Lifetime visual prognosis of patients with glaucoma
Article first published online: 27 APR 2011
© 2011 The Authors. Clinical and Experimental Ophthalmology © 2011 Royal Australian and New Zealand College of Ophthalmologists
Clinical & Experimental Ophthalmology
Volume 39, Issue 8, pages 766–770, November 2011
How to Cite
Goh, Y. W., Ang, G. S. and Azuara-Blanco, A. (2011), Lifetime visual prognosis of patients with glaucoma. Clinical & Experimental Ophthalmology, 39: 766–770. doi: 10.1111/j.1442-9071.2011.02559.x
- Issue published online: 3 NOV 2011
- Article first published online: 27 APR 2011
- Accepted manuscript online: 15 MAR 2011 05:16AM EST
- Received 11 November 2010; accepted 11 February 2011.
- best-corrected visual acuity;
- blind registrable;
- mean deviation;
- partial sight
Background: To investigate the visual outcome of glaucoma patients.
Design: This is a retrospective study of case notes of patients who died while under follow up in a glaucoma clinic of a University Hospital in Scotland between 2006 and 2009.
Participants: Seventy-seven patients were identified.
Methods: Data collected included type of glaucoma, coexisting pathology and best-corrected visual acuity in Snellen (converted to decimal values) for the first and final clinic visit. The final visual status was evaluated based on the best-corrected visual acuity of the better seeing eye at the last glaucoma clinic visit. Patients who had best-corrected visual acuity of less than Snellen decimal 0.5 were considered not to meet the standards for driving.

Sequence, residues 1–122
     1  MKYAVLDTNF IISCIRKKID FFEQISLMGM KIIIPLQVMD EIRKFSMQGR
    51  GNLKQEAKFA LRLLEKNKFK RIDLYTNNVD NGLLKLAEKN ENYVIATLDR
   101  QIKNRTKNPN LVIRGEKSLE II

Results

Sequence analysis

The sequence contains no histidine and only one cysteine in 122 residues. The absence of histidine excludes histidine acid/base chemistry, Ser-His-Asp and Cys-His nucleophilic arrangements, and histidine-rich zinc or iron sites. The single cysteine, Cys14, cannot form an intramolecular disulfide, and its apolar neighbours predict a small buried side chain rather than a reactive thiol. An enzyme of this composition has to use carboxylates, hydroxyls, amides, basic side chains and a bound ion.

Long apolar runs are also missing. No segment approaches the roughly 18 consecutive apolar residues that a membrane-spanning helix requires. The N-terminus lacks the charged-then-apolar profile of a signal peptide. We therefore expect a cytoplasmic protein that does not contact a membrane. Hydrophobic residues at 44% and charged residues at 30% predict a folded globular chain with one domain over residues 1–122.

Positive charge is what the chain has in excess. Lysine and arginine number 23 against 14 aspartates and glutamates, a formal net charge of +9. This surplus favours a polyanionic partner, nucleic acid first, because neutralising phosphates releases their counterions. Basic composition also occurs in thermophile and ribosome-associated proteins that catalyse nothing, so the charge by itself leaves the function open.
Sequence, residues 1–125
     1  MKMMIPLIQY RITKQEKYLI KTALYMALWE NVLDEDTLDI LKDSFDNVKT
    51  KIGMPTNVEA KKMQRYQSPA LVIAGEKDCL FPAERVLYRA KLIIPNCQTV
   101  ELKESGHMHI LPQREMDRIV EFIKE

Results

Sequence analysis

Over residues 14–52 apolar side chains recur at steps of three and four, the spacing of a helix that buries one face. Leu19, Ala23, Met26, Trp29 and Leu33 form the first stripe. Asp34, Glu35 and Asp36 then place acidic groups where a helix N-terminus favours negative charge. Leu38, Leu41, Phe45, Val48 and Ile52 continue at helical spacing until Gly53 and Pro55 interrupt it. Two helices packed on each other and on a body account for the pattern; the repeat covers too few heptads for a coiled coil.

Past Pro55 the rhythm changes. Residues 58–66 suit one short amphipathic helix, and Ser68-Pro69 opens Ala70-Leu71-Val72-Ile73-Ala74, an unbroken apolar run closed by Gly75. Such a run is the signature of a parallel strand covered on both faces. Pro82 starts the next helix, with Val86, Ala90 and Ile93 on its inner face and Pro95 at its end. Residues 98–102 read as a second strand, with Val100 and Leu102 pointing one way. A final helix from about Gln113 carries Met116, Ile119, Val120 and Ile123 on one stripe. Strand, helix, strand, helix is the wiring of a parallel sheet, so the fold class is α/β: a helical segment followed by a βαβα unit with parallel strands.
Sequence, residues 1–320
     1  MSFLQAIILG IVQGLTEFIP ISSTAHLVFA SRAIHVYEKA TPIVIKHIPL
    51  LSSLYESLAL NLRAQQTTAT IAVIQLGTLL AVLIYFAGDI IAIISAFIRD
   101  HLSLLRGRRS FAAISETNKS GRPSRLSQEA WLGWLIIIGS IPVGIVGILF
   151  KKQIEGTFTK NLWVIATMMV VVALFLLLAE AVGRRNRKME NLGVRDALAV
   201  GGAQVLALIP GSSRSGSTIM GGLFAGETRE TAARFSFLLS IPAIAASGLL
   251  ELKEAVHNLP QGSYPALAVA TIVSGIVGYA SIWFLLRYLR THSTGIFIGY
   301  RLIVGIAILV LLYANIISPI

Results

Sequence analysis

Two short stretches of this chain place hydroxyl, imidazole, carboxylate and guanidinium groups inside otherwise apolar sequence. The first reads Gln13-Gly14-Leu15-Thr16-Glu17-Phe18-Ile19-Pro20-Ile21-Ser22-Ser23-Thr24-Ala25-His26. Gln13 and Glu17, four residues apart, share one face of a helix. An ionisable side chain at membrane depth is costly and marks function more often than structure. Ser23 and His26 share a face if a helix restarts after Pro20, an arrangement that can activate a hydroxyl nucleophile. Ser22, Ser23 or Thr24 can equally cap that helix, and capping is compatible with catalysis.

Main Outcome Measures: Snellen decimal best-corrected visual acuity, fulfilment of driving standards, and eligibility for partial sight and blind registration at the last clinic visit.
Results: The mean ages at presentation and death were 71.8 ± 10.3 years and 82.2 ± 8.7 years respectively. The mean Snellen decimal best-corrected visual acuity of the better eye at presentation was 0.78, and at the final clinic visit was 0.61. At the final clinic visit, no patients were partial sight registrable, four (5.2%) were blind registrable, and 27 (35.1%) did not fulfil UK driving criteria. Glaucoma patients with other ocular pathologies were more likely to fail UK driving criteria at presentation (P = 0.02) and at last clinic visit (P = 0.03).
Conclusion: The majority of glaucoma patients maintained good visual function at the end of their lifetime.